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Mountain Home Magazine

Mountain Laurel

Not much is prettier than Penn’s Woods in mid-June, when the mountain laurel is at concert pitch. With colors ranging from bunny-tail white to seashell pink, Kalmia latifolia has earned, with eye appeal alone, its designation as our state flower.

Seriously. That’s about all it has going for it.

Laurel—aka spoonwood (so named because the native peoples used it to make spoons), calico-bush, sheep laurel, and lambkill—is a member of the Ericaceae family. Its relatives include huckleberries, blueberries, azaleas, cranberries, and rhododendron. It is native to the eastern United States, with a range extending from Maine to Florida, and lives as far west as Indiana and Louisiana. It prefers acidic soil—something in the 4.5 to 5.5 pH range—and, at least around here, can grow as tall as six or eight feet. It makes thickets so dense you can barely push your way through without a lot of bloodshed; in other areas the bushes have coyly spaced themselves nicely so you can walk about and properly appreciate the blooms.

Mountain laurel’s gnarly, knobby branches are not particularly useful as a building material, though some clever carpenters have found them to be just the thing for crafting handrails. You could also probably make some sort of interesting wall hook or rack, as the plant has a lot of sharp, pointy aspects to it. Nothing eats laurel. It is, in fact, poisonous to horses, goats, cattle, deer, monkeys, and us.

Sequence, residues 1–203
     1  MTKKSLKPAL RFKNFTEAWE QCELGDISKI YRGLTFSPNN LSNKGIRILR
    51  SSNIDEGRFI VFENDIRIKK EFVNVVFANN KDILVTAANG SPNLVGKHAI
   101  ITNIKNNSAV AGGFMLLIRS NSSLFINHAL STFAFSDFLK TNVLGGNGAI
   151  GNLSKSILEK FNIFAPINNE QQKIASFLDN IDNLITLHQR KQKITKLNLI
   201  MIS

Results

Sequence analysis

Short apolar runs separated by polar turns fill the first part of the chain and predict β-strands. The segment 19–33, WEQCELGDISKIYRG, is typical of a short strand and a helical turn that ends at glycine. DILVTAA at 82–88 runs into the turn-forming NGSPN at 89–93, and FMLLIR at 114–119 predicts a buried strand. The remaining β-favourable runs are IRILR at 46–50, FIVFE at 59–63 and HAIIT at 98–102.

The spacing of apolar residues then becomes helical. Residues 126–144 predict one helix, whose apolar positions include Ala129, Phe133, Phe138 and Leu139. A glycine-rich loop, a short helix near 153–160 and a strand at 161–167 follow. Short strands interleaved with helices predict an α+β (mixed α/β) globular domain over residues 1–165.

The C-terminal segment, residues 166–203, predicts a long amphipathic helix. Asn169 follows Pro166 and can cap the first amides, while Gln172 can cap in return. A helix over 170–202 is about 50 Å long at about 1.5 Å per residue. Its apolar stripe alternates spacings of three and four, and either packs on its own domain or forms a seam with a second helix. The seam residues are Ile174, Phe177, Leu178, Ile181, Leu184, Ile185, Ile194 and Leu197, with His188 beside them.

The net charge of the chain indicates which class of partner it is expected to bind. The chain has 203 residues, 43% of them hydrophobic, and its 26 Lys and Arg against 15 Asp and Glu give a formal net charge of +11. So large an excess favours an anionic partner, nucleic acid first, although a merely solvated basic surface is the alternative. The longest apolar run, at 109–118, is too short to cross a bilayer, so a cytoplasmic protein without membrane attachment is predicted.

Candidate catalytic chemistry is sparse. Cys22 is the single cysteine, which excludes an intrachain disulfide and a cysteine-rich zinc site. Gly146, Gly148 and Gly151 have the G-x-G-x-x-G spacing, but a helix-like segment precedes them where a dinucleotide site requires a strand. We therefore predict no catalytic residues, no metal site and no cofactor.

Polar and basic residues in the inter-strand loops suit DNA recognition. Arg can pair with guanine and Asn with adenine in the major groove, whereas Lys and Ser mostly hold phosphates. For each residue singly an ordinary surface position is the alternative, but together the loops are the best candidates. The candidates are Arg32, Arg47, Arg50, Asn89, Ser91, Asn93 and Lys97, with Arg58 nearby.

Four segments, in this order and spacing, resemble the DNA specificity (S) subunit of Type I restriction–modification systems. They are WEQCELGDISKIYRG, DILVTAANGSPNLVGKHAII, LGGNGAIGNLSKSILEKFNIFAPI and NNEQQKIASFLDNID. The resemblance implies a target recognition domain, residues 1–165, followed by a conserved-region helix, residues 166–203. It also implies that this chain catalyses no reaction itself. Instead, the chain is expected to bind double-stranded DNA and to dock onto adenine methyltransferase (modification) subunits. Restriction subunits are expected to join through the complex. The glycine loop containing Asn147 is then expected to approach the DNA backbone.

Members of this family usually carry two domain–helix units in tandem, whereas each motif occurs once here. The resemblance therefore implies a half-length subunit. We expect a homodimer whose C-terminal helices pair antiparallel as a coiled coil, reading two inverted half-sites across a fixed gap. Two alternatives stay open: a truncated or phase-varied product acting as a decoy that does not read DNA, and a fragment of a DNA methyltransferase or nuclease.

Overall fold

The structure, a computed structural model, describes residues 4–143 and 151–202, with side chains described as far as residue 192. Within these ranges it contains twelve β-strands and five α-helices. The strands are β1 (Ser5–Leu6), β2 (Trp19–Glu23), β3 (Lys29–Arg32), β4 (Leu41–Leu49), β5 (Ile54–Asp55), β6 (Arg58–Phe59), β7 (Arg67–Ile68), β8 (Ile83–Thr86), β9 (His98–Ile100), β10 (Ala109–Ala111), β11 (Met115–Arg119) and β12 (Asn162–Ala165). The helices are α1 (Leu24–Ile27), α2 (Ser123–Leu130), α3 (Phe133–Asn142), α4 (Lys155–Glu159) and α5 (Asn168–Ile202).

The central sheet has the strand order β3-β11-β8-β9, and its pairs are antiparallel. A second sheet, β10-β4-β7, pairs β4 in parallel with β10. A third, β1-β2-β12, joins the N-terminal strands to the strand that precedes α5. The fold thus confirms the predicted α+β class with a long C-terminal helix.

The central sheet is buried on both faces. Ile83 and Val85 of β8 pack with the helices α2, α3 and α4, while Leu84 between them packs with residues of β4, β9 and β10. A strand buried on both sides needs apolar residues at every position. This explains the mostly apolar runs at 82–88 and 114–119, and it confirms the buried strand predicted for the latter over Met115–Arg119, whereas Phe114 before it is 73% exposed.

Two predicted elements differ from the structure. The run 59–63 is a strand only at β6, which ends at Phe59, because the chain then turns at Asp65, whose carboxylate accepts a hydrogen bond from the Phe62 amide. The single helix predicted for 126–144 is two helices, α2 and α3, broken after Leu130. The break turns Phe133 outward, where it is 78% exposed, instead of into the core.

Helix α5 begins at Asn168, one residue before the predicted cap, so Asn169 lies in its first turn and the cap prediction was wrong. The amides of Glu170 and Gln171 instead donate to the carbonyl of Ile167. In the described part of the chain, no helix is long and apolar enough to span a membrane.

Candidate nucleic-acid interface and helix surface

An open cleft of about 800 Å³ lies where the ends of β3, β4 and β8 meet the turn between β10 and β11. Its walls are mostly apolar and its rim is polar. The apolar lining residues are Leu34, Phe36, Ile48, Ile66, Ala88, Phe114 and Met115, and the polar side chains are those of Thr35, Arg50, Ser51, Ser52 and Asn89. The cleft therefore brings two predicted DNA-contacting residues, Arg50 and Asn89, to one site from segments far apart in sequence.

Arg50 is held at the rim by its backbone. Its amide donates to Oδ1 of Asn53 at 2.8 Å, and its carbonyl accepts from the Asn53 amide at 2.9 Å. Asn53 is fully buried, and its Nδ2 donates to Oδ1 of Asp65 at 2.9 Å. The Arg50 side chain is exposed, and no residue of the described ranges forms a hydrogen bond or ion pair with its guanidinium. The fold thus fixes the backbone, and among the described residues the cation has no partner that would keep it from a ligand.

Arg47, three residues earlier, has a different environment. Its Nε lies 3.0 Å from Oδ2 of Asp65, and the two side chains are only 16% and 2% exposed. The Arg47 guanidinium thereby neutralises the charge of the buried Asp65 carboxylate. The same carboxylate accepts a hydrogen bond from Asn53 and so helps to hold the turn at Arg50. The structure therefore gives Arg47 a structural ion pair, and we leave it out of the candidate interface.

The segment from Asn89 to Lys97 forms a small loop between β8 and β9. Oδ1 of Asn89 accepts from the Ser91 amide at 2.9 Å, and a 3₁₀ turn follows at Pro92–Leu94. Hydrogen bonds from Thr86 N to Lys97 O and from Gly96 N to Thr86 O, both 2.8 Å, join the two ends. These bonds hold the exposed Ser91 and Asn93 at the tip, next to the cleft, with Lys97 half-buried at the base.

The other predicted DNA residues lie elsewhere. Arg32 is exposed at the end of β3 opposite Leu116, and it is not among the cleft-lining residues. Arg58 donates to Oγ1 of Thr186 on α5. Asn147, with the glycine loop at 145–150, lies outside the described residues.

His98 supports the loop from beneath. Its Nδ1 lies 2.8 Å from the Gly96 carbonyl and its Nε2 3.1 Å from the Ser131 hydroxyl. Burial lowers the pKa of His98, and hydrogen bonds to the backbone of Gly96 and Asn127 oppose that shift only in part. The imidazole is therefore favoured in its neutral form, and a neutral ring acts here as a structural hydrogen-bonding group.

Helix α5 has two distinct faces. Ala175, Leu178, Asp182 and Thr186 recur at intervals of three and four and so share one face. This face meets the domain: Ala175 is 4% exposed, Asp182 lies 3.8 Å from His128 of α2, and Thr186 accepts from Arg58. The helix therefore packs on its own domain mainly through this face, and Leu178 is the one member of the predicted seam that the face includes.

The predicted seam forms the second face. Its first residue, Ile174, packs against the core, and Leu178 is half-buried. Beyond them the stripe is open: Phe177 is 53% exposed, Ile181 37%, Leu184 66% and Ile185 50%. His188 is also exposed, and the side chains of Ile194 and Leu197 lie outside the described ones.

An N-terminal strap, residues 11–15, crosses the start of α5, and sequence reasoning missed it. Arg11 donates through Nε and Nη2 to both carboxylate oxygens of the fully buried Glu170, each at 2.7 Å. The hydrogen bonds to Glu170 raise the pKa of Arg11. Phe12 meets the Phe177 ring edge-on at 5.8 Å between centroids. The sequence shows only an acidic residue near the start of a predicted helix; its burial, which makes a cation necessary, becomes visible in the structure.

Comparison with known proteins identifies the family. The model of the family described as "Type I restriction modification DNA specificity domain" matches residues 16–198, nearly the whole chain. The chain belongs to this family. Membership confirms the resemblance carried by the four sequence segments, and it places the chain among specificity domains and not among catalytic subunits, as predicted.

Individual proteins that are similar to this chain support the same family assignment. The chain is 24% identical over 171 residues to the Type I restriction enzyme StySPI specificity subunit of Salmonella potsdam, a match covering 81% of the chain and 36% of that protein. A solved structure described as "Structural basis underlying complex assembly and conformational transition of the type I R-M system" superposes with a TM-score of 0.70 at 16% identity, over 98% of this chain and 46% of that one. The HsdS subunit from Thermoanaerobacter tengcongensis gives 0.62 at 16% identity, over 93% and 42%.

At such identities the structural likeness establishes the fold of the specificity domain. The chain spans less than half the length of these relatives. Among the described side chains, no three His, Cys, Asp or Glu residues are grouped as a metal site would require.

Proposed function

I’ve been trying for a while to coax a pasture out of an area that until recently was about 75 percent laurel. I can tell you that, along with those aforementioned sharp, pointy exterior parts, laurel has a tough, determined root structure that weaves itself underground like macramé and makes it very difficult to extract the plant from the earth. You cut the main stem as close as you can to the ground and then yank and curse and yank some more. You have to work at it for a bit, but you are finally, triumphantly, rewarded with a stump of plant appended to a twisted string of fibrous root two or three feet long, this after you’ve been pulling with all your might, and have had our delightful state flower suddenly free itself from its hidden attachments. Wham! You’re on the ground, nearly impaled by the nearby laurel punji sticks remaining from a previous removal effort, but—ha!—another one bites the dust! This same kind of fun can be had trying to clear a horse or mountain bike trail in a laurel-infested area.

You cannot, of course, go out into the state forest or onto someone else’s property and steal or whack down Kalmia latifolia, but, contrary to popular opinion, there are no legal restrictions on the cultivation or demolition of mountain laurel.

I’m really glad about the latter.

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